WASHINGTON—After years of struggling to push controversial judicial nominees through a Republican-controlled Senate, President Bush acknowledged Tuesday that if he can't get his nominees through his own party, he has no chance among the Democrats.
Bush declined Tuesday to rename four controversial nominees to serve on the U.S. Court of Appeals. Three nominees withdrew, but U.S. District Judge Terrence Boyle of North Carolina refused, saying in an interview Tuesday that it wasn't his place.
"I didn't quit," said Boyle, whose case may be the longest nomination-in-waiting in U.S. history. He was first nominated for the 4th Circuit Court of Appeals in 1991 by President George H.W. Bush and was nominated six more times by the current President Bush.
"In terms of me throwing in the towel or quitting, that's not what I'm going to do," Boyle said. "I'm not going to let them beat me down."
Bush received withdrawal letters from William Haynes, the Pentagon's top legal counsel, and William G. Myers III, of Boise, Idaho. Another nominee, Michael Wallace of Jackson, Miss., announced his withdrawal last month.
Bush's decision shocked neither the nominees nor observers.
"Of course not," Boyle said. "I watched the election returns. How could you not be confirmed with a 10-vote majority and expect to be confirmed when you're in the minority?"
Still, Bush renominated the men in mid-November, just after Democrats narrowly won control of the U.S. Senate in midterm elections. The renominations came after months of threats from Democrats to filibuster Boyle and Haynes if then-Senate Majority Leader Bill Frist brought their names to the floor for a vote.
"If you can't confirm nominees when you have a 55-45 majority, it's unlikely you'll confirm them when the other party's in the majority," said Carl Tobias, a University of Richmond law professor.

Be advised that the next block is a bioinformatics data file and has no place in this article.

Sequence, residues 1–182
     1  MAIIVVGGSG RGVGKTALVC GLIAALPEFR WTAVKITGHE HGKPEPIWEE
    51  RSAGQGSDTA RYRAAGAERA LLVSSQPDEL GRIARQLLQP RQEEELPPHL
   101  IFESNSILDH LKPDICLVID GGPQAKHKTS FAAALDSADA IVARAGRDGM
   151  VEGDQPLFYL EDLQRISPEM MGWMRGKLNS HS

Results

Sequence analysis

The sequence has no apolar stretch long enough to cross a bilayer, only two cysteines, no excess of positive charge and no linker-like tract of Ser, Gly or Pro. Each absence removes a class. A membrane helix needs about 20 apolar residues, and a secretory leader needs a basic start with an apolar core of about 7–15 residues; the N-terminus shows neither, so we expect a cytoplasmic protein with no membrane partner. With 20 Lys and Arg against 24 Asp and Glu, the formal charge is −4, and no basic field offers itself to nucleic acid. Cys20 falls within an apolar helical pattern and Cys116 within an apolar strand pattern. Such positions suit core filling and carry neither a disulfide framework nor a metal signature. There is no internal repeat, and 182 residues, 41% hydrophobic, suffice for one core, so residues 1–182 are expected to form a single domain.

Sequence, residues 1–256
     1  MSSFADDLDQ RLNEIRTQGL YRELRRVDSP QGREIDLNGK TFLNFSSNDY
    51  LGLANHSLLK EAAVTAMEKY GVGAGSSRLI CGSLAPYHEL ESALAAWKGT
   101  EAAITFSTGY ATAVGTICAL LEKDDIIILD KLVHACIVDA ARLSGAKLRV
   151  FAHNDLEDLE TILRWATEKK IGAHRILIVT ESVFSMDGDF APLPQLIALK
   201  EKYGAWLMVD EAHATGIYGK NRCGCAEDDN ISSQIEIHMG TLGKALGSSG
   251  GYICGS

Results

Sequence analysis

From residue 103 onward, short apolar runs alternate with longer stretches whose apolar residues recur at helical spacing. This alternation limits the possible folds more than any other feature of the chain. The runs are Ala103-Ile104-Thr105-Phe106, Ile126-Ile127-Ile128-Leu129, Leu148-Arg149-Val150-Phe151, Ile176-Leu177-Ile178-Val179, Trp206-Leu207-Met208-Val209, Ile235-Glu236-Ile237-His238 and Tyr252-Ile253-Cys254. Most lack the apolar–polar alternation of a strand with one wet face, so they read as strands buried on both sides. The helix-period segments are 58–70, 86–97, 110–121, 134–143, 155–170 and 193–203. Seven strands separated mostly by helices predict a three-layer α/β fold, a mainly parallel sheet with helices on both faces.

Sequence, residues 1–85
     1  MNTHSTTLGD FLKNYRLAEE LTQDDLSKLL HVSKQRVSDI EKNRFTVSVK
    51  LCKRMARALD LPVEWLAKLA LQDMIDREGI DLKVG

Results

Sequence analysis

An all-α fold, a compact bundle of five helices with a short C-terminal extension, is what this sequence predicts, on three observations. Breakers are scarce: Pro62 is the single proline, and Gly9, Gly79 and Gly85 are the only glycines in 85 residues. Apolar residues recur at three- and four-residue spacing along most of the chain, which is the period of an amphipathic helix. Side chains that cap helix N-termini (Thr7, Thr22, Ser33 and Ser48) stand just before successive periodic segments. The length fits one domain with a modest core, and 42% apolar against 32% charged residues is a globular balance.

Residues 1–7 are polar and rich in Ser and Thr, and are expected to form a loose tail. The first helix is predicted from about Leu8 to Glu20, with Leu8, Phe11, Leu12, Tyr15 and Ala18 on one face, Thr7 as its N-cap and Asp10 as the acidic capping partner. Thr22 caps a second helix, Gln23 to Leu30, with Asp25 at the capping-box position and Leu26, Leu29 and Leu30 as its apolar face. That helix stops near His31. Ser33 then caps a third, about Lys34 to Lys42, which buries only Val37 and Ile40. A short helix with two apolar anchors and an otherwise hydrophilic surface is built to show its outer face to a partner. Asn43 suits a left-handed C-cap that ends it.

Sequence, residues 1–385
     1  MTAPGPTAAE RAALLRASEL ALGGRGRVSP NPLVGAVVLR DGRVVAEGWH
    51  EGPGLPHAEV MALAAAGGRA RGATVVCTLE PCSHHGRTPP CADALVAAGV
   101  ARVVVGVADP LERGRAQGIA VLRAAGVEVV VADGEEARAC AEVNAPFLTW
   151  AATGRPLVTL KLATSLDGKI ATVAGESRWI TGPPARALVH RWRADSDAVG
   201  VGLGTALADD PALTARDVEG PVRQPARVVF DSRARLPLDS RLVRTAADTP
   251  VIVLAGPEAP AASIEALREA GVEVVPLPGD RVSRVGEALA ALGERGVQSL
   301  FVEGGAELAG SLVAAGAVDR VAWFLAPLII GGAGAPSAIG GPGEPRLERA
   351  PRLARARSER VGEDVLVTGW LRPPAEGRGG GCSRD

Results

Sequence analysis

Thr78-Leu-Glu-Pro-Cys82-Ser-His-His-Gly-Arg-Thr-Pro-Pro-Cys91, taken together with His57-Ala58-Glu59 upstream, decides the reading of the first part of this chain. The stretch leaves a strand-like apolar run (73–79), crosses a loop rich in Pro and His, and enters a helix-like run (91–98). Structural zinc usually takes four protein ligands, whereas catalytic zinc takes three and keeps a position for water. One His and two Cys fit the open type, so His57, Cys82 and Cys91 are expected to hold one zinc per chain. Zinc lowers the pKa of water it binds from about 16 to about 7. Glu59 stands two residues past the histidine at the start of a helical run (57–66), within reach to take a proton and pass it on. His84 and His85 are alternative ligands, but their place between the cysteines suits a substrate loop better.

Sen. Patrick Leahy, D-Vt., the new chairman of the Senate Judiciary Committee, said Tuesday that Bush made "the right decision."
The controversies took up valuable time last year, Leahy said, and impeded progress on other judicial nominees.
Now, Leahy said in a statement, Congress can start over and move beyond "political game-playing."
"The White House saw the writing on the wall," said Leslie Proll, director of the Washington office for the NAACP's Legal Defense and Education Fund, which fought the nominations. "With the Democrats in charge, the chances were not good."
Bush's decision also was a victory for Republican South Carolina Sen. Lindsey Graham, a military lawyer. Graham opposed Haynes' appointment because of Haynes' role in formulating tough interrogation techniques for accused terrorist detainees as Defense Department general counsel.
"I appreciate Mr. Haynes' service to our country and know this is a difficult decision," Graham said. "Now is the time for us to push ahead and fill vacancies on the 4th Circuit Court of Appeals ... with solid conservative and confirmable nominees."
In a Dec. 19 letter to Bush, obtained Tuesday by McClatchy Newspapers, Haynes asked the president to withdraw his name from consideration.
"It is not at all clear that any vote would be forthcoming in the 110th Congress and, absent such a vote, you would lose the opportunity to fill the judicial vacancy for which you nominated me," Haynes wrote.
Myers' nomination had received a tepid endorsement from the American Bar Association's review panel and was opposed by environmental groups. Myers, a former Interior Department lawyer and a lobbyist for cattle and mining interests, had compared federal public lands policy to King George III's reign over colonial America.
Wallace, a native of Biloxi, Miss., was found unanimously by the American Bar Association review board to be "not qualified." The ABA committee praised Wallace's intellect and integrity but failed him on "judicial temperament." The ABA, which routinely grades judicial nominees, hadn't unanimously found an appeals court nominee unqualified in 24 years.
Wallace's Senate Judiciary Committee confirmation hearing in September was dominated by the ABA rating, with Republicans questioning the bar association's motives and Democrats questioning Wallace's suitability for a lifetime appointment.
(McClatchy Newspapers correspondent Maria Recio contributed to this report.)
(c) 2007, McClatchy-Tribune Information Services.
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